Not Hairy, Shaggy, Wooly, or Fuzzy

For the budding or part-time horticulturist or naturalist, the fact that scientific nomenclature (Carl Linnaeus) is often not literal – maybe at times misleading – can be frustrating. Think Cornus florida (flowering dogwood – not dogwood native to the state of Florida), or Magnolia virginiana (Sweet Bay Magnolia – native not just to the state of Virginia, but to the entire U.S. Atlantic coastal plain all the way up to New York).

Another example is Stereum hirsutum, the scientific name for one of the Turkey Tail mushroom lookalikes. The amusing fact here is that one of the key traits in differentiating Stereum hirsutum from the true Turkey Tail (Trametes versicolor) is the underside of Stereum hirsutum is smooth, not porous like Trametes versicolor or gilled like some other bracket mushrooms, and definitely not hairy, shaggy, wooly or fuzzy.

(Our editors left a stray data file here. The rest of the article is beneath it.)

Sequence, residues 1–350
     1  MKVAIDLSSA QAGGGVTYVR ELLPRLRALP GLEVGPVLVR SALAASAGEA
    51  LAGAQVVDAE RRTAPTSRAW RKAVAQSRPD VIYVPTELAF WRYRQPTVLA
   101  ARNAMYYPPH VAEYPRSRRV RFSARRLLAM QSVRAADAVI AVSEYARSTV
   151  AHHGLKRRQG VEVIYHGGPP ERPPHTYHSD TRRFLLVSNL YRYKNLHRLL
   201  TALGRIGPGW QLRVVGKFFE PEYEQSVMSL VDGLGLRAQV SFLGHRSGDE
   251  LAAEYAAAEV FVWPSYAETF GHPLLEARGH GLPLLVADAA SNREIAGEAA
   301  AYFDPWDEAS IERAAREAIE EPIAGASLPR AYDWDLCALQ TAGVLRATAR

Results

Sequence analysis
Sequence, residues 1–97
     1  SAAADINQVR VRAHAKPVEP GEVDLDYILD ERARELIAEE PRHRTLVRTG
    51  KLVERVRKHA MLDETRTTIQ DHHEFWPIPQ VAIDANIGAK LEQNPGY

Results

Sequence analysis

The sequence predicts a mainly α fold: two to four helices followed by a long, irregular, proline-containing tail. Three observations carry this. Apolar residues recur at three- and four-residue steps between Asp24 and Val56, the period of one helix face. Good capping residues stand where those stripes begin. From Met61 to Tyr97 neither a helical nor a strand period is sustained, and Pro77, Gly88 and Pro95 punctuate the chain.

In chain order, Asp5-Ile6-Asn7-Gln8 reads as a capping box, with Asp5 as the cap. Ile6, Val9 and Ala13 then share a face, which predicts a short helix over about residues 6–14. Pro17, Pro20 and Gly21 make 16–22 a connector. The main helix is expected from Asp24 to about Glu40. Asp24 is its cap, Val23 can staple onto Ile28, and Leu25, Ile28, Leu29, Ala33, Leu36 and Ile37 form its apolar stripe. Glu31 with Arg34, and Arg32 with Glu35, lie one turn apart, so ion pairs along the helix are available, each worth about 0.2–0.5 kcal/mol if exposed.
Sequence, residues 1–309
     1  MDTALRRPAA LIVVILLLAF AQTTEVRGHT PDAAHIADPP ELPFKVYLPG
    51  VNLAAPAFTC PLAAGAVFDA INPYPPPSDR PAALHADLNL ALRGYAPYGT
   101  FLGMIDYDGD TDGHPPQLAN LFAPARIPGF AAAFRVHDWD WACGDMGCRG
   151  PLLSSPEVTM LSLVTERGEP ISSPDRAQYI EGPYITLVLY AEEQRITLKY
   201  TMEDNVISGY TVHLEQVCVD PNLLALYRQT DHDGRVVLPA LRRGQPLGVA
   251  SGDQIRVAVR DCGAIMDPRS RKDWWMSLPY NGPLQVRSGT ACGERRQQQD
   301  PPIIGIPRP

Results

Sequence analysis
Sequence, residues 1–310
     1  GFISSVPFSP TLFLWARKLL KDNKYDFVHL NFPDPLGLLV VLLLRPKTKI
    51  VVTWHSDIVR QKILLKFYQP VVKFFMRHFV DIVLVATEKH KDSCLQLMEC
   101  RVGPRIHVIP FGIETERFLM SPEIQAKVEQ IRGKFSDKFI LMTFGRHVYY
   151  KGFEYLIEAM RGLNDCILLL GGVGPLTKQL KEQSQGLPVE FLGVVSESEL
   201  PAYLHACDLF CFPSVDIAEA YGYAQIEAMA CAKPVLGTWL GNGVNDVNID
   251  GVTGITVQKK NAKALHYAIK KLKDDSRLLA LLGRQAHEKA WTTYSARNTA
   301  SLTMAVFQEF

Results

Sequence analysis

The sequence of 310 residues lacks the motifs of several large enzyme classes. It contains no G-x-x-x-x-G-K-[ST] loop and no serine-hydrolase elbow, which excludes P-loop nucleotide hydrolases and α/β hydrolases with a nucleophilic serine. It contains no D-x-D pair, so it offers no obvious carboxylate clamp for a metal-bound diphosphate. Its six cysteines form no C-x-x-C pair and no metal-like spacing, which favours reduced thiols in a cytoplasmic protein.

So how does hirsutum fit?

Stereum Hirsutum

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